Metal/Steel Wire

How is Metal/Steel Wire made?

Metal wire fabrics are basically fabrics that have been made either incorporating metal wire or made entirely out of metal or steel wire. These can be woven or knitted.

Metal/Steel Wire production

Metal wire is a single, flexible, cylindrical length of metal. In textile uses, this is usually made from steel. This is usually created by dragging the molten metal through holes; these can be of varying diameters, depending on the thickness of wire required. Once the metal has cooled, these wires can be used in textiles. Some fabrics can be made entirely from metal wire. Depending on the thickness of the wire, different effects can be created, and also depending on the weave or knit technique. Sometimes only small sections of fabric use metal wire, and sometimes patterns are created with it, for decoration. Metal wire fabrics usually use an open weave and are used as screens.

Metal wire can also be coated to enhance its properties. Most commonly it is coated with plastic to make it more comfortable to wear or to stop it from tarnishing, but like metallic fibres it can also be coated with polyester and acetate. This wire can also be covered in cotton to minimise its conductive properties. Another way to enhance steel wires properties is to twist two or more wires together. This makes a stronger fibre and means that it doesn’t break as easily. It does however make it heavier and less flexible.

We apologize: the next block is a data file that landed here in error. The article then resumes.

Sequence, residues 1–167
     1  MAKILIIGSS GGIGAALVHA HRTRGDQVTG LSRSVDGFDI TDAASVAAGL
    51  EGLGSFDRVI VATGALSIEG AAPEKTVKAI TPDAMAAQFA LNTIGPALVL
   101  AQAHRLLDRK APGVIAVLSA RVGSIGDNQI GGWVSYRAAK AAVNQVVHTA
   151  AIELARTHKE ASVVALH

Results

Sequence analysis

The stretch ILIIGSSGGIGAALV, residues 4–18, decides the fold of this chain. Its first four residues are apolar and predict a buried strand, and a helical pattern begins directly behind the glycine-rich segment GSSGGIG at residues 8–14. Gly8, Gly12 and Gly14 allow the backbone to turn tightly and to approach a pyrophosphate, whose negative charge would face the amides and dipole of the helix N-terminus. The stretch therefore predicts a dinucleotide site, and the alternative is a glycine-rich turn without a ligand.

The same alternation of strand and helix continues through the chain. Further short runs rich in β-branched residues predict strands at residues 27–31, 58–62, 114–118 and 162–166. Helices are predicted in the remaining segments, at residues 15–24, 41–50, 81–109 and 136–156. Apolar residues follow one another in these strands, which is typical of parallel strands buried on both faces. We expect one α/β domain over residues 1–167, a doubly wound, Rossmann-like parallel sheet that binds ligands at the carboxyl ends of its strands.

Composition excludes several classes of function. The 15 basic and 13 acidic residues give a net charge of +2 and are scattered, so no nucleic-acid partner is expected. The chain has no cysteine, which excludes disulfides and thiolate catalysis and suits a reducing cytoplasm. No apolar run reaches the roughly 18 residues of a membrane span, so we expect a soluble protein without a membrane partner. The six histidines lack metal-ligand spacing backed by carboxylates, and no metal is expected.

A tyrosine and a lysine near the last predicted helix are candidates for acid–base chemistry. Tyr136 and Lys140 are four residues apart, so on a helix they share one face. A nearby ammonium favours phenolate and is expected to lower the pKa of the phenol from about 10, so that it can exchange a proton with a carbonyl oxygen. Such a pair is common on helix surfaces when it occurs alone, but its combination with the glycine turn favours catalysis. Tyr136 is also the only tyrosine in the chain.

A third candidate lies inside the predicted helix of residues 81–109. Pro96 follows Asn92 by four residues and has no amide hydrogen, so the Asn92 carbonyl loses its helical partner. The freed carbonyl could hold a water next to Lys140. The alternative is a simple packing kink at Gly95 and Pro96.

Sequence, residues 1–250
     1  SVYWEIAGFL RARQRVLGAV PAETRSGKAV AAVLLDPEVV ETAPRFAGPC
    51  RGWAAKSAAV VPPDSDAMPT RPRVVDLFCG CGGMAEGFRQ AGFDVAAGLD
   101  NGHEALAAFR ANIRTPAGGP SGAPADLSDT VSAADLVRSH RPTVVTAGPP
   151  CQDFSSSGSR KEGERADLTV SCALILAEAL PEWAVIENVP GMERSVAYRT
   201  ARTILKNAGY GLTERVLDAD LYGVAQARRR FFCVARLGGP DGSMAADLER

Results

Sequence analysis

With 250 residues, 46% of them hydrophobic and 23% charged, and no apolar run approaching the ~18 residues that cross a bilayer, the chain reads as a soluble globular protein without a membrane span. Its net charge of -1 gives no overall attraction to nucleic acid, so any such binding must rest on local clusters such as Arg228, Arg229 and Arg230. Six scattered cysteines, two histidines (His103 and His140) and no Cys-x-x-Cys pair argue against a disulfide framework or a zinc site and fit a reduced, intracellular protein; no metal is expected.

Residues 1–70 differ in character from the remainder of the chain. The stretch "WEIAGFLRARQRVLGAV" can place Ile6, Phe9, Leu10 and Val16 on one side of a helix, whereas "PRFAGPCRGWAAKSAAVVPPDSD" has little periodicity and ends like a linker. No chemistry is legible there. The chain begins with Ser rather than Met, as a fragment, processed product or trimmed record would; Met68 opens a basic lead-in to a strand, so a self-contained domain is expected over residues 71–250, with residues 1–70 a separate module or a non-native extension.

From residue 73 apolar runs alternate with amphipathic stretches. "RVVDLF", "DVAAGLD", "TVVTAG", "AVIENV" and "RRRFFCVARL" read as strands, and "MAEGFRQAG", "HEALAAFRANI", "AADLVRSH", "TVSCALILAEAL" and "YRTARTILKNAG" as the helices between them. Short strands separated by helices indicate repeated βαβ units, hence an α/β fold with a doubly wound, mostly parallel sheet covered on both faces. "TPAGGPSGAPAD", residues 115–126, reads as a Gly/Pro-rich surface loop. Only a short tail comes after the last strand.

Metal/Steel Wire properties

  • Flexibility
  • Excellent resilience
  • Mechanical damping
  • Noise filtration
  • Excellent strength
  • Can be subjected to high temperatures
  • Able to withstand extreme environmental conditions
  • Conducts Electricity
  • Ductile
  • Can get kinks in
  • Can break easily
  • Much stronger when two or more wires are twisted together

End uses of Metal/Steel Wire

  • Telecommunications
  • Performance Apparel
  • Jewellery
  • Window Screens
  • Electrical Wiring
  • Sifting Machinery
  • Wire netting
  • Wire rope

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Written by Kelly Mitchell

Kelly Mitchell, extremely competent and reliable, she is currently in her third year at the University of Lincoln UK, studying Fashion. Kelly is responsible for the Fabrics, Fibers and Leathers sections of our Dictionary

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